Regular pattern formation in real ecosystems


This paper provides a review of recent studies that report ecosystem level pattern formation demonstrating scale-dependent feedback between organisms and their environment. Review contents explore the principal of scale-dependent feedback, real ecosystem studies, prerequisites of long-distance negative feedback, ideas for measuring mechanisms, and implications for future research.

Scale Dependent Feedback:

Scale-dependent feedback can be considered the interactions between organisms and their environment that either facilitate or suppress ongoing processes.  This can be measured in either the presence/absence of feedback or a determined magnitude. Typically, scale-dependent feedback manifests in positive feedback at local scales and negative feedback over longer distances, when inhibitors spread at a faster rate than facilitators. Pattern formation via scale-dependent feedback was first proposed by Alan Turing by way of his activator-inhibitor principle. Scale-dependent feedback is believed to manifest in ecosystems by short-range facilitation through local modification and long-range inhibition through competition.

Real Ecosystems:

The ecosystems reviewed in this paper are arid, wetland, savanna, mussel beds, coral reefs, ribbon forests, intertidal mudflats, and marsh tussocks.  Each ecosystem section provides a brief description of the types of patterns observed, and the known mechanisms that can explain observed patterns.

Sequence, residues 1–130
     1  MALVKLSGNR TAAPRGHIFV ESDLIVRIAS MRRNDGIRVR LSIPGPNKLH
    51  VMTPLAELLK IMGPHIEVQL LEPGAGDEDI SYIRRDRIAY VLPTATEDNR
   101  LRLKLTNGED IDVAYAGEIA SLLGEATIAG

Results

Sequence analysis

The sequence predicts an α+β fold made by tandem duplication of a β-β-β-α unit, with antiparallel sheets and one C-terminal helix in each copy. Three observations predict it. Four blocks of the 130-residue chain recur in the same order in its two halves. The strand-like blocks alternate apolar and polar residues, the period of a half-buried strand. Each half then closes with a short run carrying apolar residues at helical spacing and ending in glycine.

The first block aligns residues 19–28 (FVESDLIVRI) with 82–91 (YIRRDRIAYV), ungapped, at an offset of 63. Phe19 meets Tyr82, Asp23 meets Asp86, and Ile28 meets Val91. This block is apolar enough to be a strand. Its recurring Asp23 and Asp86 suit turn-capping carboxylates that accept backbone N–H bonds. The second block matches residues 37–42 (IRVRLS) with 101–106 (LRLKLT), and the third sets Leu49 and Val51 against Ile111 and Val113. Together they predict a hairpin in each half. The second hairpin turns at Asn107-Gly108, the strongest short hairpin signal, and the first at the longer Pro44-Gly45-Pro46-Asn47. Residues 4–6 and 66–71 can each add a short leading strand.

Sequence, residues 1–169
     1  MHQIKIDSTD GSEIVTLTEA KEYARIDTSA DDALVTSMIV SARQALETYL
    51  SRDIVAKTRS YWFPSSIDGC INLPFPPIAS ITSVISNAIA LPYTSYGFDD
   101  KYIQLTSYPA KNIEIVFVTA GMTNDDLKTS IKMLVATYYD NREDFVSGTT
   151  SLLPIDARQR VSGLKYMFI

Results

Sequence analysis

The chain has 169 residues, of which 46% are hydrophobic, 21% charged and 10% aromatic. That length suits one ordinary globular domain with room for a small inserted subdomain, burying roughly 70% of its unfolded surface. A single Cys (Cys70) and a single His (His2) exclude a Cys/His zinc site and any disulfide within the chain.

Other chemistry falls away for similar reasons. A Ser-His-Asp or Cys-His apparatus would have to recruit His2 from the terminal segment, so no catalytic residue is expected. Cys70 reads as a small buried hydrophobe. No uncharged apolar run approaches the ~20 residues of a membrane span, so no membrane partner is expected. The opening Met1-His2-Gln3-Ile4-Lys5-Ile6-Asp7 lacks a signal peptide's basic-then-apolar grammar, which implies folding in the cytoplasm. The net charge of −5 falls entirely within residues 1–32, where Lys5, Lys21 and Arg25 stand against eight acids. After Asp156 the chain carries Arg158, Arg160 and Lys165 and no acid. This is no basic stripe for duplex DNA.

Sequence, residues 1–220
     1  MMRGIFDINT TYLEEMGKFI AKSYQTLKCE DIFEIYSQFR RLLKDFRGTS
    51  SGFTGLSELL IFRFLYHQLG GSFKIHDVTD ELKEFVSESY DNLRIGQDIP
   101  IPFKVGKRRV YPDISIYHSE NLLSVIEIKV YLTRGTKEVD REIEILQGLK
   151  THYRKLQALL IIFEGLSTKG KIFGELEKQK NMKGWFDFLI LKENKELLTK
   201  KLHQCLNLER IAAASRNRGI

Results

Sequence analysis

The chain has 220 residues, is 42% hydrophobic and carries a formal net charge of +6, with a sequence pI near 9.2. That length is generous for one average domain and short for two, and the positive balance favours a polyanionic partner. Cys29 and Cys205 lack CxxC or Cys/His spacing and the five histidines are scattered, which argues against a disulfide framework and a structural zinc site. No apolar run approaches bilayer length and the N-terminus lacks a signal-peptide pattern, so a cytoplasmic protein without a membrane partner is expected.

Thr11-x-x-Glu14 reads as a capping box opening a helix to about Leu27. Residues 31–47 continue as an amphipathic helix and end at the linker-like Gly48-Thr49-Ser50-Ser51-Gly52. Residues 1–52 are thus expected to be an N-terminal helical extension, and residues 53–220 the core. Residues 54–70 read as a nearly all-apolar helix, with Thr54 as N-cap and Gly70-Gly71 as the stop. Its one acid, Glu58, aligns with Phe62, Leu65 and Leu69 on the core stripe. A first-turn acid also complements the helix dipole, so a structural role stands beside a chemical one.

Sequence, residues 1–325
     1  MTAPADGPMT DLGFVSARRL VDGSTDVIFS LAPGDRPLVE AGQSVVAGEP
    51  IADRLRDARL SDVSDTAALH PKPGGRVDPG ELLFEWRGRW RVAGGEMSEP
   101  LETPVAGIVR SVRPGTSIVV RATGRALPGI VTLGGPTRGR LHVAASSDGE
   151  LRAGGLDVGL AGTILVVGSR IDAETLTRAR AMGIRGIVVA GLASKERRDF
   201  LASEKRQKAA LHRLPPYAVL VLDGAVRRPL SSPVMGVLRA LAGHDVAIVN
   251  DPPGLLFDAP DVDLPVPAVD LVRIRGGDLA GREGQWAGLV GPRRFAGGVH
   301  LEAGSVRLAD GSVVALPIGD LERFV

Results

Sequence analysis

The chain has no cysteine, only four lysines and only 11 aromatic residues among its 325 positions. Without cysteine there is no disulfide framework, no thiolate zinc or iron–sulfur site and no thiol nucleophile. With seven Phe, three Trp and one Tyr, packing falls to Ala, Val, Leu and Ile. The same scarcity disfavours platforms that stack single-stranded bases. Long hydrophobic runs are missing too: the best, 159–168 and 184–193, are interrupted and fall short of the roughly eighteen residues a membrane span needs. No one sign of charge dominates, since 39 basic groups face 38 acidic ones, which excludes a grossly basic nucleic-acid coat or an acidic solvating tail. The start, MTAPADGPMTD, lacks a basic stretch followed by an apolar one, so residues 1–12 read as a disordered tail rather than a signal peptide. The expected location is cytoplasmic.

Long-distance Negative Feedback:

For ecosystems, all observed studies on regular pattern formation require that organisms be able to modify their current environment and results in a negative feedback at a certain distance. The strength of the feedback can be dependent on the density of organisms. Researchers emphasize the need to look beyond the local scale as a way to verify the magnitude of density dependent effects.

Studying Feedbacks at Longer Distances:

Recommendations for studying feedbacks in ecosystems involve removing facilitating organisms from the site and observing the performances of transplants with and without removal. A second proposed method is to look for significant cross-correlation between the density of organisms and the resource or stress factor at long distances.